I looked in the mirror and tried to figure out where to part my hair so the chemical burn on my scalp wouldn’t show. My hair looked perfect. It’s rich black tone and dense flowing layers were exactly what I hoped for when I left the salon the day before. I had also hoped to avoid a chemical burn this time. But as my stylist reminded me, you must pat your itching scalp, not scratch. But it seemed that my scalp was perpetually itchy. Constantly applying thick moisturizing products to counteract the dryness caused by a relaxer often has that effect. Scalp irritation and chemical burns seemed to be far bigger problems than I had bargained for, now that I had the financial means to actually get a relaxer every 8 weeks, before the new growth made my hair stand away from my head like a helmet. As I stood there trying to figure out how to part my hair, I wondered if there was another way to feel beautiful without so much discomfort. I was just about over the old adage, ‘beauty is pain’. I parted my hair on the left to hide the burn and headed to catch the train to my afternoon class.
As I was going into the train station a beautiful woman caught my eye. Because I was living in Atlanta at the time, it was not unusual to see a beautiful woman who made me do a double-take and want to sing praises to the Gods of all things beautiful Black womanhood. But this woman was tall, thin, with a dark complexion, almond eyes and a beautiful smile. We heavily resembled each other, aside from the fact that she had a TWA and I had a part on the left side to hide a chemical burn. Our eyes met. As our paths crossed, we smiled in acknowledgment, the way Black women do when we recognize the beauty in each other. On my 10-minute train ride, I couldn’t help but notice all the black women on the train who had permed hair. I wondered how often they had to deal with chemical burns or what they did to avoid scratching their scalp when they were a day or two past wash day. I wondered if they struggled to make it through an April in Atlanta when avoiding the rain is nearly impossible. I wondered if they struggled with not wanting to swim or work out for fear or their edges reverting.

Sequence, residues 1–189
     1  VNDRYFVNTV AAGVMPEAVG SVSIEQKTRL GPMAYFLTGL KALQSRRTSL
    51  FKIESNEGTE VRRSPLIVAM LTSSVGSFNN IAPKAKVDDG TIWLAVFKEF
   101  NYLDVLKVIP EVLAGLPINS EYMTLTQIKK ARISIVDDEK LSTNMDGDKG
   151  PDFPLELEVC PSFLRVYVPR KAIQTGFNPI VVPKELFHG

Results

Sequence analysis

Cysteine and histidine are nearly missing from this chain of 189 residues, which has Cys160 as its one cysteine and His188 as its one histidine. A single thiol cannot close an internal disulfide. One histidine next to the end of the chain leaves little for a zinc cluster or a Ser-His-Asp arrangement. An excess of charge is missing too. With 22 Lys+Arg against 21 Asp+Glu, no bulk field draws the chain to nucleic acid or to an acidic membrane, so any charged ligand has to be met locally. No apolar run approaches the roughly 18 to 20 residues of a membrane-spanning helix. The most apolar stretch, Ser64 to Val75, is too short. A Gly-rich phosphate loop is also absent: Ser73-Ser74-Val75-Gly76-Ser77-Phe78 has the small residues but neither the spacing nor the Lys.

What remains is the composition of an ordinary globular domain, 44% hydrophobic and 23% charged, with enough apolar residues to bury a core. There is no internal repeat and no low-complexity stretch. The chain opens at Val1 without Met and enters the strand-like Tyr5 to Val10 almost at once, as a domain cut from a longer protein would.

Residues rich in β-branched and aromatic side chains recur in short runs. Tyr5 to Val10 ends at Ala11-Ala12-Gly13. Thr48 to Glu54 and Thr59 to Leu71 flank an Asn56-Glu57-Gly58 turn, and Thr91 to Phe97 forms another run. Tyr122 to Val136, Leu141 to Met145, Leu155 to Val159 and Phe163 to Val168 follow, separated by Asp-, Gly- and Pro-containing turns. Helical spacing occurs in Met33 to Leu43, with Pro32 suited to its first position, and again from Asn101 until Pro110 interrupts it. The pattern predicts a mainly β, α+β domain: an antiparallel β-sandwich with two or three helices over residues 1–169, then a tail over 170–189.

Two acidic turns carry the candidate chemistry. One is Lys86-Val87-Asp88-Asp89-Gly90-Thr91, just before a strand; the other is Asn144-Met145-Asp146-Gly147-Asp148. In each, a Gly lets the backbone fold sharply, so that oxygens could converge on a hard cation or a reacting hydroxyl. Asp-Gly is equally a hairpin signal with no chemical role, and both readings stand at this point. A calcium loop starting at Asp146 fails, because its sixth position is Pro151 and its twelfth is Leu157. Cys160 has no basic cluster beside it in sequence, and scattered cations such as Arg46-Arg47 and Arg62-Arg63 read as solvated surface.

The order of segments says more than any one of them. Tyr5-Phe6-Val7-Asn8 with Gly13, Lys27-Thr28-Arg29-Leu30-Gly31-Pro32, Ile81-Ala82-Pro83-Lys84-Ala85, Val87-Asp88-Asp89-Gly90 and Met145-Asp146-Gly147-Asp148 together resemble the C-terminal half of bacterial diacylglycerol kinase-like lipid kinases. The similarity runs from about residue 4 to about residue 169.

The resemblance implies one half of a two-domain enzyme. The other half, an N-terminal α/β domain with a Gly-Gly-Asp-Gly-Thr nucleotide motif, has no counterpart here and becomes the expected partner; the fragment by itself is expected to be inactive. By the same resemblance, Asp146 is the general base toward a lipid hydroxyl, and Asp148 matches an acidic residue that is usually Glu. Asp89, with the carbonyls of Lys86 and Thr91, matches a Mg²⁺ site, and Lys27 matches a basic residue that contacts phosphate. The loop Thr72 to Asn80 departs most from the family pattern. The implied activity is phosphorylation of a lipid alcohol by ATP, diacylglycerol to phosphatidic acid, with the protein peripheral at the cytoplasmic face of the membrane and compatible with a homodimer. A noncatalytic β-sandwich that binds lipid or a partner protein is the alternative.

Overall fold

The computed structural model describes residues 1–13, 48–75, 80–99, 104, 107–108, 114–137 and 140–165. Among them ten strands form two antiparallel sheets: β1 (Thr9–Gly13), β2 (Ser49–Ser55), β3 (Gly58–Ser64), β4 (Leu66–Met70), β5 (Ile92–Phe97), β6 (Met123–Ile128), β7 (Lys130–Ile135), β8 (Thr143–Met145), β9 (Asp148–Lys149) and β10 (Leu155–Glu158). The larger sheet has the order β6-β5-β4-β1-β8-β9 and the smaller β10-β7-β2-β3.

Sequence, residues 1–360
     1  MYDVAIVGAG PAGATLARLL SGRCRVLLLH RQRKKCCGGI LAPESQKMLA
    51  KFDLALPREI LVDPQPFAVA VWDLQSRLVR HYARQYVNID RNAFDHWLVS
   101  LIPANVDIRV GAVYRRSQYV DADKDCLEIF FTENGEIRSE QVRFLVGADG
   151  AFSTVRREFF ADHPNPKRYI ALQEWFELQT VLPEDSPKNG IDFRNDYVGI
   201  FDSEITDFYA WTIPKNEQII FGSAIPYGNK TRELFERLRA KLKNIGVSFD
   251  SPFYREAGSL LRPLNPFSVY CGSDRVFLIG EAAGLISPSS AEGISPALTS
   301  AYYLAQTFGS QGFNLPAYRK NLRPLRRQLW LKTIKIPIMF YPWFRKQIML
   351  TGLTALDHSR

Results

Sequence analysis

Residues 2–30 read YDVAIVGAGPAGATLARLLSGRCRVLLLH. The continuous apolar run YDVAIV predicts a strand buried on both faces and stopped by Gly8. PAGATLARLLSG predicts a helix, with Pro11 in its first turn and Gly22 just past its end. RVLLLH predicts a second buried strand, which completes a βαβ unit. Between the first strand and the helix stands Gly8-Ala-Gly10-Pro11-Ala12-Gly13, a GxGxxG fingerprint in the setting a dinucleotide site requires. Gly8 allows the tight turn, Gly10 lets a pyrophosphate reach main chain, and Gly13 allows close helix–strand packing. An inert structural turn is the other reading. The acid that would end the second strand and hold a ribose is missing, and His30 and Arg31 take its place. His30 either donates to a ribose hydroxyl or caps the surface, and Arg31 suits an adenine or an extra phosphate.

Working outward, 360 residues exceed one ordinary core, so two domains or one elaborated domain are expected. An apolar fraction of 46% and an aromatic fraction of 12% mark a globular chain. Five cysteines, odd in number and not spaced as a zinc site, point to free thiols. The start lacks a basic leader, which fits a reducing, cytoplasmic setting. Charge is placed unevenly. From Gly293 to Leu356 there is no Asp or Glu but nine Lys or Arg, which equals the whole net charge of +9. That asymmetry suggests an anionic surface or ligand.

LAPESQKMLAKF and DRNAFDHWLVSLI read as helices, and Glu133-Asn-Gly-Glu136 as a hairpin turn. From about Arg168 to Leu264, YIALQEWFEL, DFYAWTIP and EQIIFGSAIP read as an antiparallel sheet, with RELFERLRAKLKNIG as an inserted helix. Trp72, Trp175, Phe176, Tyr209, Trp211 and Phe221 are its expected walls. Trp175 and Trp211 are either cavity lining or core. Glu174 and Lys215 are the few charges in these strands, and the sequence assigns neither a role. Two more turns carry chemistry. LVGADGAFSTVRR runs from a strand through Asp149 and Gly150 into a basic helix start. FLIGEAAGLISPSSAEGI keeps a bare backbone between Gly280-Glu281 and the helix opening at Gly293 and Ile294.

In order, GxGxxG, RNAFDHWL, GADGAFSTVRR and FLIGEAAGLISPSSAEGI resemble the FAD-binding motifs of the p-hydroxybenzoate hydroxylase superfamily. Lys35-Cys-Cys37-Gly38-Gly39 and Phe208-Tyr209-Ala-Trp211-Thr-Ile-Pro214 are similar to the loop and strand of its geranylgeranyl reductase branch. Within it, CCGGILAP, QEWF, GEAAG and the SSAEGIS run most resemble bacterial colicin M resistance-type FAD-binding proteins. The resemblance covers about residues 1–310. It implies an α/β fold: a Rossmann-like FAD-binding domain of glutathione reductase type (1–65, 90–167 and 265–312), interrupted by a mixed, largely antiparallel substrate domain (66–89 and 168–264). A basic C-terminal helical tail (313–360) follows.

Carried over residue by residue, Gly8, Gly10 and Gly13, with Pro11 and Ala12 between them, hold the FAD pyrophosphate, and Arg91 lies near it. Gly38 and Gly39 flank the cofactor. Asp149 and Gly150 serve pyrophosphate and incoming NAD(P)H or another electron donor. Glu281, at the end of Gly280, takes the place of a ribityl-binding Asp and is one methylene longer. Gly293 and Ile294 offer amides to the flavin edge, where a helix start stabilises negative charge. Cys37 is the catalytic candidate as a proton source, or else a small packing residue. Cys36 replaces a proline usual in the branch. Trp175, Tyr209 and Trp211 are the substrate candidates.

By the time I got off the train, I was exhausted by my own thoughts. I didn’t hate my hair in the literal sense. But the discomfort and inconvenience it took to achieve and maintain it was making my hair very difficult to love. It was time for a change. I decided that my hair should be something I loved, and nurtured, not just dealt with or felt disdain toward. And I really want to love my hair, exactly as it grew out of my scalp. So, I decided that I would cut off my perm before I graduated, which gave me almost 3 years. As it turned out, I needed all 3 of those years to deal with naysayers and interrogate my own ideas of beauty that seemed based in everything except how my hair was actually designed.
The Big Chop
I nearly cried as I heard the scissors cut through my hair and felt the coolness of
absolutely nothing touching my neck. After about 9 months of intentional growth, two previous attempts to cut out the perm in the years before, and frantically asking a friend to meet me at the hair salon immediately, before I changed my mind, I had done it. I know had hair that was about 3 inches long, felt like cotton to the touch, and was completely foreign to me. I could not have been more excited. And more terrified.
Finding My Tribe